The opinion of the court was delivered by: Denise Cote, United States District Judge.
Petitioner Roderick Reyes ("Reyes") filed this timely petition for a writ of habeas corpus pursuant to 28 U.S.C. § 2254 ("Section 2254") on November 3, 2000. By Order of December 6, 2000, the petition was referred to Magistrate Judge Eaton for a Report and Recommendation. By his Report of July 17, 2002, Judge Eaton recommends that Reyes' petition be denied in all respects. Although petitioner twice requested, and received, extensions of time to file objections to the Report, no objections to the Report have been filed. For the reasons that follow, Judge Eaton's recommendation is adopted and Reyes' petition is denied.
In August 1995, Reyes shot and killed Felipe Delgado in Manhattan, and fled to Florida. In September of that year, while detained on other outstanding New York warrants, he was interviewed in Florida by New York City detectives. During this interview, Reyes confessed to the Delgado killing. After unsuccessfully attempting to suppress the Florida confession, on the ground that it violated his right to counsel because a: the time of the interview he was represented by counsel in other cases, Reyes pleaded guilty to first degree manslaughter and waived his right to appeal on December 16, 1996. On January 9, 1997, Reyes was sentenced to a term of 11 to 22 years in prison.
Reyes appealed on two grounds, arguing again that his right to counsel had bees violated, and that his waiver of his right to appeal was ineffective. The Appellate Division held that the waiver of his right to appeal was effective, and appellate review foreclosed, on October 21, 1999. Reyes' motion for leave to appeal was denied by the New York Court of Appeals on November 30, 1999.
Reyes raises two grounds for relief in his habeas petition, and they are the same as were presented to the Appellate Division. First, he contends that the statements made to the New York City police detectives in Florida were admitted into evidence in violation of his right to counsel. Second, he challenges his waiver of the right to appeal.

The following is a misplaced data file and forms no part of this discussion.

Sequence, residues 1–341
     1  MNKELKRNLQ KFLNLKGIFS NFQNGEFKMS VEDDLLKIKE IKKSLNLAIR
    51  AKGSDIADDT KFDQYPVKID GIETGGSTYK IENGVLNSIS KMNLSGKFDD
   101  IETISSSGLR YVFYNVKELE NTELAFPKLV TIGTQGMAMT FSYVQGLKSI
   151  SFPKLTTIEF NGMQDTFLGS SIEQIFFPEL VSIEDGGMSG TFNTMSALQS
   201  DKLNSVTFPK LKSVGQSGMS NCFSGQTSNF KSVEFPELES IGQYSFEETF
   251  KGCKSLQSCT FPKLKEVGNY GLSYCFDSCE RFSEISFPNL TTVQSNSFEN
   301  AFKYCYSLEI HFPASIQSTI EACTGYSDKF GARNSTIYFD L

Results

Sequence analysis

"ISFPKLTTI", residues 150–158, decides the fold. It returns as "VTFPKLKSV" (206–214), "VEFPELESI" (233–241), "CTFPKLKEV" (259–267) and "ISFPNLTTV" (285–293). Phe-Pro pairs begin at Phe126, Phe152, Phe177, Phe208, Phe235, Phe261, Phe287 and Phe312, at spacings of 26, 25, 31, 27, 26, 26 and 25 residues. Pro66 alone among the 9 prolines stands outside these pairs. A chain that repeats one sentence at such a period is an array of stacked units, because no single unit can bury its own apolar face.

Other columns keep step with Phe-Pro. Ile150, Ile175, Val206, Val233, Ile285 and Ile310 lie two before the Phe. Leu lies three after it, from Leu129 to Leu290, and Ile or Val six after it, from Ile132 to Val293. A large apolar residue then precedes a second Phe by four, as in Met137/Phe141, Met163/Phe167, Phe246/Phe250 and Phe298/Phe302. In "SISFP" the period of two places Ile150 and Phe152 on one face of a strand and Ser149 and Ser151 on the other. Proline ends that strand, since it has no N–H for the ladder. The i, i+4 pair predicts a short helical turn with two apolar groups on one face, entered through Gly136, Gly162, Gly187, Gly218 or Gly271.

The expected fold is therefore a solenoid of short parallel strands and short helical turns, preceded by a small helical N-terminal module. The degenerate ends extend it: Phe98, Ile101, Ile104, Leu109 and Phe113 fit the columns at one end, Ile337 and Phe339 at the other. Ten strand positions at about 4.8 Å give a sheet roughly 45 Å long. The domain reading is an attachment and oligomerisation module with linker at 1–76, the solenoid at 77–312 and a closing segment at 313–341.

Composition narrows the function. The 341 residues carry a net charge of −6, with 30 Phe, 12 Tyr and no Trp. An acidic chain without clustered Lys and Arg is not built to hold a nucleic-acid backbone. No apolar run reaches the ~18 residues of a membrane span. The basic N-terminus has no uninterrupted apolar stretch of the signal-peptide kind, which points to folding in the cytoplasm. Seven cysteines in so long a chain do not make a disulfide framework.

A reviewing court "may accept, reject, or modify, in whole or in part, the findings or recommendations made by the magistrate judge." 28 U.S.C. § 636(b)(1)(C). "To accept the report and recommendation of a magistrate, to which no timely objection has been made, a district court need only satisfy itself that there is no clear error on the face of the record." Nelson v. Smith, 618 F. Supp. 1186, 1189 (S.D.N.Y. 1985); see also Pizarro v. Bartlett, 776 F. Supp. 815, 817 (S.D.N.Y. 1991)
The Report correctly found that Reyes cannot attack his Florida confession because he pleaded guilty to the criminal charge against him. Once a petitioner has pleaded guilty, "he may not thereafter raise independent claims relating to the deprivation of constitutional rights that occurred prior to the entry of the guilty plea." Tollett v. Henderson, 411 U.S. 258, 267 (1973)
Turning to Reyes' second claim, the Appellate Division found that Reyes had made "a voluntary, knowing and intelligent waiver of his right to appeal." Pursuant to 28 U.S.C. § 2254(e)(1) this factual determination is "presumed to be correct" unless rebutted by "clear and convincing evidence." Reyes has presented none.
The Recommendation of Magistrate Judge Eaton is adopted and the petition is dismissed. I further find that the petitioner having made no objection to the Report, and the Report having advised petitioner that failure to object will preclude appellate review of this Order, the petitioner has waived his right to appeal. U.S. v. Male Juvenile, 121 F.3d 34, 38-39 (2d Cir. 1997); Small v. Sec'y of Health & Human Servs., 892 F.2d 15, 16 (2d Cir. 1989) (per curiam)
In addition, I decline to issue a certificate of appealability. The petitioner has not made a substantial showing of a denial of a federal right and appellate review is, therefore, not warranted. Tankleff v. Senkowski, 135 F.3d 235, 241 (2d Cir. 1998); Rodriguez v. Scully, 905 F.2d 24 (2d Cir. 1990). I also find pursuant to 28 U.S.C. § 1915(a)(3), that any appeal from this Order would not be taken in good faith. Coppedge v. U.S., 369 U.S. 438, 445 (1962). The Clerk of Court shall dismiss this petition and close the case.
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